If I’m not going to post often, I’ll at least make them really long.

If I’m not going to post often, I’ll at least make them really long.

Last week a friend called me at 8:45 in the morning while I was putting on my running shoes. She was in a pinch for someone to watch her toddler that morning, because something came up. I mentally ticked through my plans for that day, and decided it was doable, so I finished tying up my shoes, put the kids in the car, and went to pick up the extra kid.

My goal for that morning was to be at the gym by 9am. But in thinking through my plans and goals, I realized the actual goal was to not dink around all morning until time was wasted and we were chasing our schedule. Having somewhere to be was simply the gimmick I used for sticking to my goal.

Therefor, driving across town to pick up a cute boy and getting back to the gym by 9:45 was still sticking to my plan, because by the time she called I was nearly ready to walk out the door anyway. I was on the treadmill by 10, and had a great workout.

I’ve noticed that on the days I carefully lay out a plan of what we will do and/or accomplish, I’m much more productive. I was busy that day, but because I knew exactly what I needed to get done, it was easy to figure out whether an extra person would disrupt my goals. Also? This may sound like a contradiction, but sometimes having extra kids around makes my life easier, because everyone is happy to play and leave me to get something done.

I’ve also noticed that when I plan days filled with lots of activity – regardless of whether they are fun adventures or boring errands – we are all much happier, and I’m more productive. When I leave large blocks of time for us to wander around the house, we all become aimless. But when I come up with a good mix of being out and staying home, we all appreciate being home much more.

I’m laughing at myself, because the week before this happened, I had another disruption to my day that didn’t go over so well for me. In that post I lamented over the possible misconception that I was flexible:

I’ve always considered myself a very flexible person, but maybe this isn’t so true? Maybe I’m only flexible when I have 24 hours notice? Or when I didn’t have plans to start with? Or when I’m in charge of what gets sprung on me unexpectedly?

I think I now understand that I am flexible when I have a plan.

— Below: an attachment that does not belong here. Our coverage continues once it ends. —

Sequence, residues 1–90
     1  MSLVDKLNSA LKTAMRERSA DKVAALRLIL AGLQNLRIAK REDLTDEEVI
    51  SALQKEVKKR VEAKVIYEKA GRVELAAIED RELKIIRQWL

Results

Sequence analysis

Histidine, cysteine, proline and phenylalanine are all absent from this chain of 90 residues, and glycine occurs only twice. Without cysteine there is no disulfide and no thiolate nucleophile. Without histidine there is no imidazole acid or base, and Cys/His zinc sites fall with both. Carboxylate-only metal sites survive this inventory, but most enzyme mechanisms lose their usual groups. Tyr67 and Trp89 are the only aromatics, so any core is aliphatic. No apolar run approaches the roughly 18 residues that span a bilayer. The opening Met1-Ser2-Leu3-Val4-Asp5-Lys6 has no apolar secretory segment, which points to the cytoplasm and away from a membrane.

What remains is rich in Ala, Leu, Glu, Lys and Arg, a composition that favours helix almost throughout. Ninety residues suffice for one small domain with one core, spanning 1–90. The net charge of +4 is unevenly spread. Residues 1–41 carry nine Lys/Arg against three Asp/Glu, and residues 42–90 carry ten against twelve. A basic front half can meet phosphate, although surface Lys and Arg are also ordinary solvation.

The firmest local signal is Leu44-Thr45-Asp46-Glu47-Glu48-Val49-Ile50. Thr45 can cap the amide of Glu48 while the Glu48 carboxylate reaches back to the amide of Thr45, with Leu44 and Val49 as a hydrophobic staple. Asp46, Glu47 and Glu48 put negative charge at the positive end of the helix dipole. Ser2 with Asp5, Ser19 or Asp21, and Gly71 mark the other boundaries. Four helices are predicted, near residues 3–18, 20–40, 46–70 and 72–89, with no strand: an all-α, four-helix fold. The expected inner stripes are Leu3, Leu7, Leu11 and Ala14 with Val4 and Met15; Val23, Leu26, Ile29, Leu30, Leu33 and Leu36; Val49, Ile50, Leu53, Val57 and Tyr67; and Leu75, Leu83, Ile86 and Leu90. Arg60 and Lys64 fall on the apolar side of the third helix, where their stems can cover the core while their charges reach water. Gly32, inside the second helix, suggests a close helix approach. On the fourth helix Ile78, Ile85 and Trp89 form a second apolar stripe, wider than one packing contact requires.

Proverbs 16:9 says, ” In his heart a man plans his course, but the LORD determines his steps.” When I have a plan for my day, it’s pretty easy to figure out how to readjust when something unexpected gets tossed at me. What probably happened the day I wrote that post, is that I started off too slow, or perhaps a little behind schedule. Or maybe I didn’t have a plan at all. I can’t remember exactly, but I’m very familiar with the feeling that I don’t have any idea what I’m supposed to be doing, so I don’t really know what I should do next.

My friend Trisha wrote a great post on being Frantic Busy vs Smart Busy, and I felt she well articulated my ongoing struggle – particularly in this line:

This busy gal [frantic] is not ever getting time to rest or to enjoy those she loves or she does do those things and lets everything else fall apart around her.

If you’ve been around my blog very long, you know the roller coaster ride I’ve been on regarding the enjoyment of my children vs Getting Things Done. Forever I have felt it wasn’t possible to do both. Either my children had a blast hanging out with their mom and my house was a disaster, or I kept a decent house and sacrificed time with my kids, making me irritable to their interruptions and prone to use the tv as a babysitter.

Trisha writes:

I could work myself in to a sweat and “miss” those moments that God has called me to, like playing with my children, affection, words, tenderness, laughter, all in exchange for a folded load of laundry? No, thank you!

This week I’ve been tending to the particulars of Ruthie’s Kindergarten for next year. Like facing your own morality late in life, this has caused me to face the reality that my kids are slowly leaving me, that I will not always have them with me. This reality has swept me into a new perspective on Time. I suddenly realize just how much I am taking time for granted, and how my disorganization with time causes stress on my relationships.

When I’m feeling “frantic busy” I give off the vibe that my children are a burden to me, because their interruptions are disrupting an already chaotic situation. This is not the identity I want my daughter to carry around with her, that her presence in this family is a bother. I would rather she enter Kindergarten knowing that her mother cried all the way home because her presence will be missed.

I’m feeling highly motivated to stay ahead of my schedule, to carefully plan out my days and weeks so there is plenty of room for focused work and focused fun, and enough wiggle room for surprises or adjustments. I’ve been going to bed at ten, falling asleep after reading a half hour, and getting up at six. Did you know that’s nearly eight hours of sleep? Do you know how good it feels to get eight hours of sleep?! Are you aware of how much one person can accomplish in one day on eight hours of sleep?!

I never knew, because I was always dinkin around until the wee hours of the morning.

Oh, and Bryan? You can shut up about being right.

2 thoughts on “If I’m not going to post often, I’ll at least make them really long.

  1. Wow–this is good. Smart busy verses frantic busy. That really succinctly sums up the issue, doesn’t it?!

  2. I love to keep intouch with your blog.Our lives would appear to run along similar lines,you are doing brilliantly.
    love,light and happiness to you all

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